Laughter

As part of Snapshot Stories. Click here for more stories. 

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On my 16th birthday, my parents drove me 30 minutes from my house to my aunt’s so I can set up her basement for my sweet sixteen. I had invited about 15ish close friends at that time, with the disclaimer that my aunt’s basement is huge. And we can even use her deck. (I obviously got permission beforehand lol.) I don’t really remember much from the birthday party itself. There were games, cake, more games, rowdy behavior, loud talking, screaming in victory after musical chairs, etc. But there was also a lot of laughter. Especially from my end. 

It was a memorable day in a lot of ways. I was finally 16 for one. (Because everyone wants to be 16 when they were younger, for some odd reason. It’s not even an age where you get to do a lot of things. It just sounded mature: Guys I’m 16.) I was spending time with some of my best friends at the time – some of whom became my sisters, and others drifted away. My friends are hilarious – more so than they take credit for sometimes. And it was fun. 

My laughter has always been on the loud side, on the weird side, on the unique side. It’s become a defining part of who I am. I’m the one whose laughter can be made out in a restaurant, movie theater, classroom, lecture hall, where ever. I’m the one who claps her hands like a baby seal when I laugh. I’m the one with the A-HAHAHAHAHA-HAHAHA-HAHAHA laugh. With an odd snort thrown here and there. And wheezing and tears if it’s something really funny. I’ve also realized, looking back at this picture, that I squint a lot when I’m laughing, I’m not sure why though. Just another thing, I learned about myself. And I think, there’s a dimple? Meh. 

My laughter is also something that keeps me going through tough times. Not the laugh itself, but the act of laughing. Laughing brightens up my mood and helps me stay positive. Which can be hard, especially since I tend to be pessimistic and cynical. Laughing helps me brush things off easily. Because bad things will pass like passing clouds, to paraphrase Tom Hiddleston. Things will eventually turn out good. We just have to keep working at it. And being the older sibling of a special needs brother, this attitude keeps me from falling into depression and frustration. Depression from the overwhelming exhaustion of having to mentally engage my brother every waking moment of his day (basically — when I’m not home or doing work at least. He knows to not bother me when I’m working ^_^). Frustration at the bureaucracy to get simple tasks done to get the benefits we need as a family in order to stay as a family. It took my parents 4 years to get my brother off of the DDD waiting list so he can get at-home aide workers to come and play with him. Four. Freaking. Years. Now just imagine the number of arguments my parents got in, and arguments that I got in with them during that 4 year span regarding or relating to my brother. I bet that’s hard, right? I bet that you’re wondering if we have some sort of super patience gene. Not really. We find ways to amuse ourselves because we as a family learned that happiness, optimism, and laughter keeps us sane.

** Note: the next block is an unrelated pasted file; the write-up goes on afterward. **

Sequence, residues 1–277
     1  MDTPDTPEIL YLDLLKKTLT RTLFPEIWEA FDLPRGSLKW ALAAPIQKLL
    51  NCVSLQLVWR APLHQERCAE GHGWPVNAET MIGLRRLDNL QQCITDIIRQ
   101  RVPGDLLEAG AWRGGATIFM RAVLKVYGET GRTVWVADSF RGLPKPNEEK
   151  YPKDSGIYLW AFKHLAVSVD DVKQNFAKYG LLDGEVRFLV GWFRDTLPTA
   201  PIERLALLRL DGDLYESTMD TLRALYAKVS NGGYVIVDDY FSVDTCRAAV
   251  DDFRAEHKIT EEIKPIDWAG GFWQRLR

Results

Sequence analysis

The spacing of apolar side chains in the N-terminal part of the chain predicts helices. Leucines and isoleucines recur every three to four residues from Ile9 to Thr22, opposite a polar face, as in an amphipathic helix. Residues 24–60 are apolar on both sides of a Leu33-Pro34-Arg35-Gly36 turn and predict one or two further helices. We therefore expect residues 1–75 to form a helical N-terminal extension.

My family has had to move about 10 times before I started 5th grade, mostly because of my dad’s job. My brother had a brain surgery when he was about 5, to remove half of his hippocampus (the thing that stores memories in your brain), in hopes to reduce/cure his epilepsy. It didn’t work – the weird electrical impulses that defines epilepsy just jumped from one side of the brain to the other. We have no idea why. Or how. And to this day. Then he developed, or at least showed signs of, autism spectrum and ADHD and bipolar disorder. My god, the number of medicines that we tried. The number of drugs we still use for him. It was, and still is, a cocktail of drugs that is still being refined for optimal results. That is how I was exposed to the American health care system, from the doctors, neurologists, pharmacists, and psychiatrists, to the social workers, case managers, DDD and DCF. I was exposed to basically every little detail. And this exposure, and the frustrations and depression that my family and I are constantly fighting off – with varying degrees of success every single day -, is the reason why I’ve become so interested in public health policy and advocacy. 

Through all of this, I had to excel as a student, mature as a person, find my interests, and figure out what the heck I want to do with my life. And I still don’t know. But despite the amount of pressure I put on myself, laughter was my defense mechanism so I wouldn’t break. Of course I had moments where I just curled up into a ball and cried. I still have those moments. But it is my laughter that keeps me strong. The weird, loud laughter (and random snorts) with my squinty eyes and the presence of a possible dimple. Laughter is my wings. I fly away to another land of more happiness to recuperate and recharge mentally before returning to reality. Refueling my ambition. Giving me the strength to overcome every damn obstacle thrown in my way. 

And as long as I am laughing, I will survive.

I will succeed. 

 

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About squishymaru

Master's student in chemical engineering with a B.S. in chemical engineering as well. Loves chemistry, math, increasing diversity in STEM, politics, and public health advocacy. Loves reading, writing, and being active -- mentally and physically.

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